Frequent travel has been a facet of a military lifestyle since the conception of human conflict. Long before Greek soldiers fought the Peloponnesian War, a traveling song and a longing for home were two ever-present realities of a soldier’s existence. Leaving behind responsibilities and loved ones can be stressful, and until recently, so could the logistical preparation for the journey.
In 1995, the Department of Defense formed a task force aimed at relieving aspects of that stress, including replacement of a travel system they said was fragmented, inefficient, expensive and occasionally adverse to mission accomplishment.
Eleven years and many miles later, the Defense Travel System wants to revolutionize the military traveler’s experience. According to its Web site, DTS is a seamless, paperless, automated system that meets the needs of individual travelers, force commanders, and process owners.
Nationally, it must slowly gain the understanding and acceptance from a military that takes solace in the repetitive nature of its training—a new, complicated system is a tough sell. For the 9th Marine Corps District, the constant travel demands on its Marines and civilians means they cannot afford the luxury of a grace period.
“Apprehension with the new system is constant, but it is like anything else–if it’s new you are not going to understand it,” said Maj. Kenneth Graham, 9th MCD Headquarters comptroller. “Marine OnLine is a perfect example of that. It will take a while–maybe three or four trips–to become adjusted.”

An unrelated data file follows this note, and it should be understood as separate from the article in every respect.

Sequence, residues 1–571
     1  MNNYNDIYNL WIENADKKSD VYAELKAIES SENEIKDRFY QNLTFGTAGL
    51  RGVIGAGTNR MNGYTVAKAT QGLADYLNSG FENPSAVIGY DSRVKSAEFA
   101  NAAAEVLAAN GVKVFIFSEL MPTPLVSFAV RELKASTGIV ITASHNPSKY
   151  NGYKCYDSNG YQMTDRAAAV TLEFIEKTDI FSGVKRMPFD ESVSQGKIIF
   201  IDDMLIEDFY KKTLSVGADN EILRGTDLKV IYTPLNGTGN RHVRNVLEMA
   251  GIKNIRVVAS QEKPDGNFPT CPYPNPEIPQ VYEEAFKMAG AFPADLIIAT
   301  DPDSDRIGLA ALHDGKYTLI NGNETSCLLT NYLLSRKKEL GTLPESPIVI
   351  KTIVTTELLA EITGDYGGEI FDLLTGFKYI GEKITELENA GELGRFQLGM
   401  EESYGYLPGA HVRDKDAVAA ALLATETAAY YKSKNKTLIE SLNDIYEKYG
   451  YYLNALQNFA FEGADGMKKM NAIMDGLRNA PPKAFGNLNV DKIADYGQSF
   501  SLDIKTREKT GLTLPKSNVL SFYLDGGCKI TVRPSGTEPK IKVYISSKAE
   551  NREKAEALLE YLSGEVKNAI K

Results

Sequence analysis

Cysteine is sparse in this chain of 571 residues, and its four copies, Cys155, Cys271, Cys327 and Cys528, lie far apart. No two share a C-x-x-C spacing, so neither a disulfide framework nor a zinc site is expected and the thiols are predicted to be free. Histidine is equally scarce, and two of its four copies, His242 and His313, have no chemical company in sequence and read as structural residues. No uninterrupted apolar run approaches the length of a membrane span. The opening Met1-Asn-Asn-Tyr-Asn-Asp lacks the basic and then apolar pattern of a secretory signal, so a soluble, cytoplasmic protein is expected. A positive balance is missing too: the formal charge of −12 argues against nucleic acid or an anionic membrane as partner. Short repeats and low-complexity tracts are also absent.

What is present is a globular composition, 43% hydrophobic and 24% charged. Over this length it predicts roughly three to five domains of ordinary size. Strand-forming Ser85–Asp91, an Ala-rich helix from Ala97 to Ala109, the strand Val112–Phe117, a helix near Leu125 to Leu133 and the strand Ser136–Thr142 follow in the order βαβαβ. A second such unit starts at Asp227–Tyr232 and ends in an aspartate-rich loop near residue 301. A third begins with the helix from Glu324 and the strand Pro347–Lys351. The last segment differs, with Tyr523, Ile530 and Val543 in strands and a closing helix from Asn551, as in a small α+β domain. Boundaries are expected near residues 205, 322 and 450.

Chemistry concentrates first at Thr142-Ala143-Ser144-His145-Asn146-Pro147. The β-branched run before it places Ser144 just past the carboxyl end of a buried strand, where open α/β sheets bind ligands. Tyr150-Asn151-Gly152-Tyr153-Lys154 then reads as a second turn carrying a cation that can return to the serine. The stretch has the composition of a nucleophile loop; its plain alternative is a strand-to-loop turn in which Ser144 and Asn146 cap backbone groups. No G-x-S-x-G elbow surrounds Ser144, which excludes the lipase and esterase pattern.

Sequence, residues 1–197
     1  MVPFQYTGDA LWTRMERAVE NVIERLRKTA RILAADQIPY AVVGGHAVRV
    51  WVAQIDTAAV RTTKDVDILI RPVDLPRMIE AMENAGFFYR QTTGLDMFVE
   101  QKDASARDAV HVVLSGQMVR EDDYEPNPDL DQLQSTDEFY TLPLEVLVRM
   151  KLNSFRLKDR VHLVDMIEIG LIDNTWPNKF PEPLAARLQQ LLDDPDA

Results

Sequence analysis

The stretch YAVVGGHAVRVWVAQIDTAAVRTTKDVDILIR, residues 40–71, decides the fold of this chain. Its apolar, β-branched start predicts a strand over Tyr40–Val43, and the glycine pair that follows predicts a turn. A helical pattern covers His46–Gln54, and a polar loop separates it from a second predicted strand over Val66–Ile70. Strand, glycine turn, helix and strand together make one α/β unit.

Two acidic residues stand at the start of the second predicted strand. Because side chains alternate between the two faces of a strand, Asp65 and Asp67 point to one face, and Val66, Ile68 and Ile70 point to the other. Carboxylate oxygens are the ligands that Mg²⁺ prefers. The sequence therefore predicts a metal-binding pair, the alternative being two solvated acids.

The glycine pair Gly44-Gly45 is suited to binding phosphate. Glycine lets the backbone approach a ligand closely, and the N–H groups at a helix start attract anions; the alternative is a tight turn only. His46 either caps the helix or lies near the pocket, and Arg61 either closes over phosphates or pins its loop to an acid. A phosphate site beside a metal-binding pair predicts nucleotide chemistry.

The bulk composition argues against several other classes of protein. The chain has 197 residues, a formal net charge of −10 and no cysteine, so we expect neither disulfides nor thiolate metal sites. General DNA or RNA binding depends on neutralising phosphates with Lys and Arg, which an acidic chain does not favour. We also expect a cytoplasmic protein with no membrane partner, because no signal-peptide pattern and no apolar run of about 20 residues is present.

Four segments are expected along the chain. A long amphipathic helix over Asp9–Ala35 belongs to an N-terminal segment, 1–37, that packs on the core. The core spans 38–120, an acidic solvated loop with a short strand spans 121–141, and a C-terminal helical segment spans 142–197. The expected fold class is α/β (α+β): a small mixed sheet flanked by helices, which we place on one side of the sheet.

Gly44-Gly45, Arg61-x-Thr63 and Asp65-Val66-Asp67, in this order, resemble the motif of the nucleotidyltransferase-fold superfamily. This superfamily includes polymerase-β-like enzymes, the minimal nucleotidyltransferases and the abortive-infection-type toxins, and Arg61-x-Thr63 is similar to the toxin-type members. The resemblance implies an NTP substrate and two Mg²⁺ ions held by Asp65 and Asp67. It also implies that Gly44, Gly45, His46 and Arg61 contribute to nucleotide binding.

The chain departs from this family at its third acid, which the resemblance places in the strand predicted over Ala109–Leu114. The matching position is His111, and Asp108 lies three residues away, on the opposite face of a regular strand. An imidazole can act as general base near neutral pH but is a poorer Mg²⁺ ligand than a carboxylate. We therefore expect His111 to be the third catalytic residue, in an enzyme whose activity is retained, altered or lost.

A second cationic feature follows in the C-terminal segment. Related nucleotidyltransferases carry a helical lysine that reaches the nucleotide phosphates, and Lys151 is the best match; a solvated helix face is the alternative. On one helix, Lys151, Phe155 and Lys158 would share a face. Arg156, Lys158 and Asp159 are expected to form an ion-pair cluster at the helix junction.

Once one gains a working knowledge of DTS, its many programs allow travelers to:
• input and update travel requests at their desk;
• update travel preferences in a personal profile;
• input and digitally sign actual trip information;
• use actual trip information to prepare a claim;
• review the status of a trip record at any time;
• input and digitally sign supplemental information for a closed trip;
• receive quicker travel reimbursements.
Some at district headquarters have already gained an appreciation for the new system and its many options.
Graham said that those that use the system often, such as the Contact Team, have found it easy to navigate and much faster than the previous structure.
“Once you get the hang of it, it is much better than the old,” said Rich Eaton, 9th MCD Headquarters Contact Team administrative assistant, who works on many more travel claims than your average district member. “It is definitely faster and less of a headache.”
The system’s district success is varied, however, as those who use the system infrequently are often forced to ask many questions, eliminating the system’s intended benefit of timeliness.
Diane Lanahan, 9th MCD Headquarters deputy comptroller, said that in time everyone will become acclimated to the new system, and then DTS will become a true asset to the District.
DTS still has room for improvement, but the procedures and technology are in place to give service members one less thing to worry about when they leave for TAD with their traveling song and a longing for home in tow.
For more information or training on DTS, visit their Web site at www.defensetravel.osd.mil.